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[nova][scheduler] - Stack VMs based on RAM


On Thu, 18 Apr 2019 01:38:17 +0100, Sean Mooney <smooney at redhat.com> wrote:
> On Wed, 2019-04-17 at 15:30 -0700, melanie witt wrote:
>> On Thu, 18 Apr 2019 01:13:42 +0300, Georgios Dimitrakakis
>> <giorgis at acmac.uoc.gr> wrote:
>>> Shouldnâ??t that be the correct behavior and place the new VM on the host with the smaller weight? Isnâ??t that what the
>>> negative value for â??ram_weight_multiplierâ?? does ?
>>
>> No, it's the opposite, higher weights win. That's why you have to use a
>> negative value for ram_weight_multiplier if you want hosts with _less_
>> RAM to win over hosts with more RAM (stacking).
>>
>>> Please let me know how I can provide to you more debug info....
>>
>> One thing I noticed from your log is on the second request, 'cpu1' has
>> io_ops: 0 whereas 'cpu2' has io_ops: 1 and the IoOpsWeigher [1] will
>> prefer hosts with fewer io_iops by default. Note that's only one piece
>> of the ending weight -- the weighing process will take a sum of all of
>> the weights each weigher returns. So the weight returned from RamWeigher
>> is added to the weight returned from IoOpsWeigher is added the weight
>> returned from CPUWeigher, and so on.
>>
>> So, as Matt said, we're a bit in the dark now as far as what each
>> weigher is returning and we don't currently have debug logging per
>> weigher the way we do for filters. That would be an enhancement we could
>> make to aid in debugging issues like this one. You could hack something
>> up locally to log/print the returned weight in each weight class under
>> the nova/scheduler/weights/ directory, if you want to dig into that.
>>
>> Another thing I noticed is that there are probably some new weighers
>> available by default that did not exist in the previous version of nova
>> that you were using in the past. By default, the config option for weighers:
>>
>> [filter_scheduler]weight_classes = ["nova.scheduler.weights.all_weighers"]
>>
>> will pick up all weigher classes in the nova/scheduler/weights/ code
>> directory. You might take a look at these and see if any are ones you
>> should exclude in your environment. For example, the CPUWeigher [1] (new
>> in Rocky) will spread VMs based on available CPU by default.
> most of the weighers spread by default so the cpu weigher may be a factor but
> the the disk weigher tends to all hevily impact the choice.
> 
> we do not normalise any of the values retured by the different weighers
> the disk wighter is basically  host_state.free_disk_mb * disk_weight_multiplier

Hm, I thought we do based on this code:

https://github.com/openstack/nova/blob/stable/rocky/nova/weights.py#L135

which normalizes the weight to a value between 0.0 and 1.0.

If the multiplier is large though, that could make the considered value 
 > 1.0 (as is the case with the default build_failure_weight_multiplier:

https://github.com/openstack/nova/blob/stable/rocky/nova/conf/scheduler.py#L501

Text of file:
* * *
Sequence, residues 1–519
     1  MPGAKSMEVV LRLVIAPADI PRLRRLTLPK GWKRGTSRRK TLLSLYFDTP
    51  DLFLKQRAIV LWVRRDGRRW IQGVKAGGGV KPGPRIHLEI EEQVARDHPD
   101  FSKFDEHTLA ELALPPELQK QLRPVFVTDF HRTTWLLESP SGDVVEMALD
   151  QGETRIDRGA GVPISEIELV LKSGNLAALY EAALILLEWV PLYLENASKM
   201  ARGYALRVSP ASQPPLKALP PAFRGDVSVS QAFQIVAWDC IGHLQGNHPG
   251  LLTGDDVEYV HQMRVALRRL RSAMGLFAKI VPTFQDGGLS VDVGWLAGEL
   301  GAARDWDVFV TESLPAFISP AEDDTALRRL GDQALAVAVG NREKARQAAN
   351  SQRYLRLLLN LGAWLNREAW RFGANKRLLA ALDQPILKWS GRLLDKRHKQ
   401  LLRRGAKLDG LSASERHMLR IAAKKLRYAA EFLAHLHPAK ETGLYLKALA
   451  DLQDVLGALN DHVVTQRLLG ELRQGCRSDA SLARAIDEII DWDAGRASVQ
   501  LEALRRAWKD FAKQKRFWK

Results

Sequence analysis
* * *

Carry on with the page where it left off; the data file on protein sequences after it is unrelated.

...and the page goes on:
-melanie

> althoer host_state.free_disk_mb is actully disk_available_least.
> 
> as a result the disk filter will weigh cpu1 19456 height then cpu2
> the dela between the cpu1 and cpu2 based on the ram weigher is only 2048
> 
> if you want the ram filter to take presedence over teh disk filter you will
> need to scale the disk filter down to be in a similar value range
> 
> i woudl suggest setting disk_weight_multiplier=0.001
> 
>> This
>> weigher might be contributing to the VM spreading you're seeing. You
>> might try playing with the '[filter_scheduler]weight_classes' config
>> option to select only the weighers you want or alternatively you could
>> set the weighers multipliers the way you prefer.
>>
>> -melanie
>>
>> [1] https://docs.openstack.org/nova/rocky/user/filter-scheduler.html#weights
>>
>>>>> On 4/17/2019 3:50 PM, Georgios Dimitrakakis wrote:
>>>>> And here is the new log where spawning of 2 VMs can be seen with a few seconds of difference:
>>>>> https://pastebin.com/Xy2FL2KL
>>>>> Initially both hosts are of weight 1.0 then the one with one VM already running has negative weight but the new
>>>>> VM is placed on the other host.
>>>>> Really-really strange why this is happening...
>>>>
>>>> < 2019-04-17 23:26:18.770 157355 DEBUG nova.scheduler.filter_scheduler [req-14c666e4-3ff4-4d88-947e-377b3d37bff9
>>>> 6a4c2e32919e4a6fa5c5d956beb68eef 9f22e9bfa7974e14871d58bbb62242b2 - default default] Filtered [(cpu2, cpu2) ram:
>>>> 30105MB disk: 1887232MB io_ops: 1 instances: 1, (cpu1, cpu1) ram: 32153MB disk: 1906688MB io_ops: 0 instances: 0]
>>>> _get_sorted_hosts /usr/lib/python2.7/site-packages/nova/scheduler/filter_scheduler.py:435
>>>>
>>>> < 2019-04-17 23:26:18.771 157355 DEBUG nova.scheduler.filter_scheduler [req-14c666e4-3ff4-4d88-947e-377b3d37bff9
>>>> 6a4c2e32919e4a6fa5c5d956beb68eef 9f22e9bfa7974e14871d58bbb62242b2 - default default] Weighed [WeighedHost [host:
>>>> (cpu1, cpu1) ram: 32153MB disk: 1906688MB io_ops: 0 instances: 0, weight: 1.0], WeighedHost [host: (cpu2, cpu2)
>>>> ram: 30105MB disk: 1887232MB io_ops: 1 instances: 1, weight: -0.00900862553213]] _get_sorted_hosts
>>>> /usr/lib/python2.7/site-packages/nova/scheduler/filter_scheduler.py:454
>>>>
>>>> cpu1 is definitely getting weighed higher but I'm not sure why. We likely need some debug logging on the result of
>>>> each weigher like we have for each filter to figure out what's going on with the weighers.
>>>>
>>>> -- 
>>>>
>>>> Thanks,
>>>>
>>>> Matt
>>
>>
>>
>>
>>
>